There are movies that stick with you, sometimes for a few days, and sometimes for your whole life. There are also movies that are entertaining while you're in the theater and then fade away. Warm Bodies is one of the latter. It's a bit like cotton candy. It tastes delicious, but disappears immediately and has no nutritional value.
An unspecified calamity has decimated the human race and left a shuffling horde of zombies wandering the wasteland. One of these zombies, known only as R (Nicholas Holt), meanders through an abandoned airport, occasionally exchanging grunts with a fellow zombie (Rob Corddry) and roaming in packs bent on eating survivors. Coming upon a group of humans, R feasts on the brains of Perry (Dave Franco) and assimilates his memories. When he comes upon Perry's girlfriend Julie (Teresa Palmer), long forgotten feelings begin to stir, and R chooses to protect Julie rather than eat her. Taking her back to his hideout, a derelict jetliner full or scavenged records and chotchkes, he begins to fall for Julie and slowly reclaims his humanity. Complicating matters is Julie's father Grigio (John Malkovich), the leader of the human resistance, whose instinct when encountering a zombie is to shoot first and ask questions later.
Director Jonathan Levine, adapting the novel by Isaac Marion, has a fun time skewering the zombie apocalypse sub-genre so popular these days. Most of the laughs come from R's deadpan inner monologue as he muses on life (or un-life) as a zombie. Another source of amusement comes from the dawning realization that the whole story is a thinly veiled reimagining of Romeo and Juliet. (Think about the names of the romantic leads. There you go.) There's even a balcony scene.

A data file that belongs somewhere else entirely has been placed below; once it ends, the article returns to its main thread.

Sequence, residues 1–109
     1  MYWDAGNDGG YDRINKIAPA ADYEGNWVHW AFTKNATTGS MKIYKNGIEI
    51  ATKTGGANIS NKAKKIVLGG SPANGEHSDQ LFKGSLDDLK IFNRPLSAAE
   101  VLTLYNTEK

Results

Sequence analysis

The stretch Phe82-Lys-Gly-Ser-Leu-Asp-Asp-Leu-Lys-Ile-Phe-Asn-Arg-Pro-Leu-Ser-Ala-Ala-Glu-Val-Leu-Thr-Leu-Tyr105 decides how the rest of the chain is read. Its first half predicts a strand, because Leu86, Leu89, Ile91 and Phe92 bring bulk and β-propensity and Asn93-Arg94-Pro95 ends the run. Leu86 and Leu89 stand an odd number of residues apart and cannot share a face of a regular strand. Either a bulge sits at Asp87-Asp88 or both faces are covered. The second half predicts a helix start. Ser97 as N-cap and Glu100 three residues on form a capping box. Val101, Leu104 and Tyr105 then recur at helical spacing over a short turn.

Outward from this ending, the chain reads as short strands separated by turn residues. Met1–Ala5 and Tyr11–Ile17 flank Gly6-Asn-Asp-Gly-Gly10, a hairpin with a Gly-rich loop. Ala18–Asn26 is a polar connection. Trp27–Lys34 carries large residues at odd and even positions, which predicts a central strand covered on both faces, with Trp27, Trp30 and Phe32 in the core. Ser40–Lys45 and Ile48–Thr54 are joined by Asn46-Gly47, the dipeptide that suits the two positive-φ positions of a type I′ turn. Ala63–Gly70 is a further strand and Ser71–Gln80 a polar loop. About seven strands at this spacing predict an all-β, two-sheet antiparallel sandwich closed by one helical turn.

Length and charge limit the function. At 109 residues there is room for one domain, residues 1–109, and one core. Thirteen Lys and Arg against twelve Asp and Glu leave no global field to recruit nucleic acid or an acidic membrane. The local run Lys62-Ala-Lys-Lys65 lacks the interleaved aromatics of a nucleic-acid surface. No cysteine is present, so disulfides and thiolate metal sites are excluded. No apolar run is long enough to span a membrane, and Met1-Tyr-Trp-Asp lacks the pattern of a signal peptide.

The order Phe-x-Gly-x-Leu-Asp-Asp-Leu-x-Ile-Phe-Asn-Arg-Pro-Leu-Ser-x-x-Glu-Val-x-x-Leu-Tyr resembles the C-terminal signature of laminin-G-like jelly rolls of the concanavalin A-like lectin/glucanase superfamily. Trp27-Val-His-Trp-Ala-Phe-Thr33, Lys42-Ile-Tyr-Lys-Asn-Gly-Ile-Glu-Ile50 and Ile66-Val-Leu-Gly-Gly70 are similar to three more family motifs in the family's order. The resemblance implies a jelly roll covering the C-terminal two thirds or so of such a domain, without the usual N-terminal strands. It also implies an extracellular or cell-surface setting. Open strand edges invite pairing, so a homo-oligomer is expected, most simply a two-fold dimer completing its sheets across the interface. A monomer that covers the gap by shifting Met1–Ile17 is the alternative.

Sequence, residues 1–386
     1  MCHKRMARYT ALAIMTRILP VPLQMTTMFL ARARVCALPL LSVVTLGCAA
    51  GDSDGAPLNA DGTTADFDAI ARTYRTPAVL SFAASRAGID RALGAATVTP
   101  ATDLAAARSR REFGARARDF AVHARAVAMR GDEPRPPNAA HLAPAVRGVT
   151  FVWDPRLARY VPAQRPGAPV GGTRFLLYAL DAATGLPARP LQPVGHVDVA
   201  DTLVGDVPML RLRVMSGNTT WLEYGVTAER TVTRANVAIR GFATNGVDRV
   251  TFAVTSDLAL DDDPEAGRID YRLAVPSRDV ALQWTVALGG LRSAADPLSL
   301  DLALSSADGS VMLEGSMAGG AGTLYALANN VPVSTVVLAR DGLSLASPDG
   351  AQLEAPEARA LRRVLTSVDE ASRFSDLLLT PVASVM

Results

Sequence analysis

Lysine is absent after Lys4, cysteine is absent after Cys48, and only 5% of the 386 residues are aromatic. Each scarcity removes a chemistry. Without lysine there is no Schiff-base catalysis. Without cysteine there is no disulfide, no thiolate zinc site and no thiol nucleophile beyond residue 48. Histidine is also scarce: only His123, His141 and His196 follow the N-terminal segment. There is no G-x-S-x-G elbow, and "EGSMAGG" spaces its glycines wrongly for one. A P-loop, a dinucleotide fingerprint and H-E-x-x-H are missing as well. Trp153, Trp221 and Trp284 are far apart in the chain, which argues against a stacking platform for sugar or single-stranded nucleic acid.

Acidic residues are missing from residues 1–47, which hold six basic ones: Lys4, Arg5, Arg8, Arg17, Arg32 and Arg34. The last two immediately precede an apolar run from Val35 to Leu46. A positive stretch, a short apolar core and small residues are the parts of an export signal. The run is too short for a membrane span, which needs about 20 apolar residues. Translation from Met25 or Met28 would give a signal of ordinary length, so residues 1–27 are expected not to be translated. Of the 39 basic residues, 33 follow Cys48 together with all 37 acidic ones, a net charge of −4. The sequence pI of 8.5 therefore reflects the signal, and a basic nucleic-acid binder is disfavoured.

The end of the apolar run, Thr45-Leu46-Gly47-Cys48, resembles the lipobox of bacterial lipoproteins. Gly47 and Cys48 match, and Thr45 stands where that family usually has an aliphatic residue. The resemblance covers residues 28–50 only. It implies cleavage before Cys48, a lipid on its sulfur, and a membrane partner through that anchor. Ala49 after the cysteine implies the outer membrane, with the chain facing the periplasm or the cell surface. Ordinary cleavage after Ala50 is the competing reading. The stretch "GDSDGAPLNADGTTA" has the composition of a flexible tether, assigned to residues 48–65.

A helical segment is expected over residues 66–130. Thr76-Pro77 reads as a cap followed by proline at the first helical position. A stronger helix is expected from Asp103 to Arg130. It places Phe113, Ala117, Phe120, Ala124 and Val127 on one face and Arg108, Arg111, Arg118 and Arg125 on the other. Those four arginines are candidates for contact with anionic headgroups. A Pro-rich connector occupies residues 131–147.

The actors are clearly having a good time with the material, particularly Malkovich, who, despite being a fantastic actor, never seems to be happier than when he's chewing the scenery with relish. Hoult and Palmer have obvious chemistry, and Hoult's gradual transformation from zombiedom is both touching and amusing. There are moments of real emotion in the film, and you understand why the director of 50/50 was right for this material.
I had my problems with the movie. It starts to drag in the third act, and the Boneys, skeletal zombies that threaten R and his brethren as well as the humans, are another example of bad CG run amok. These are small complaints, and though the film didn't leave a overly lasting impression, it was a passably enjoyable way to spend two hours. There are worse things to say about a movie.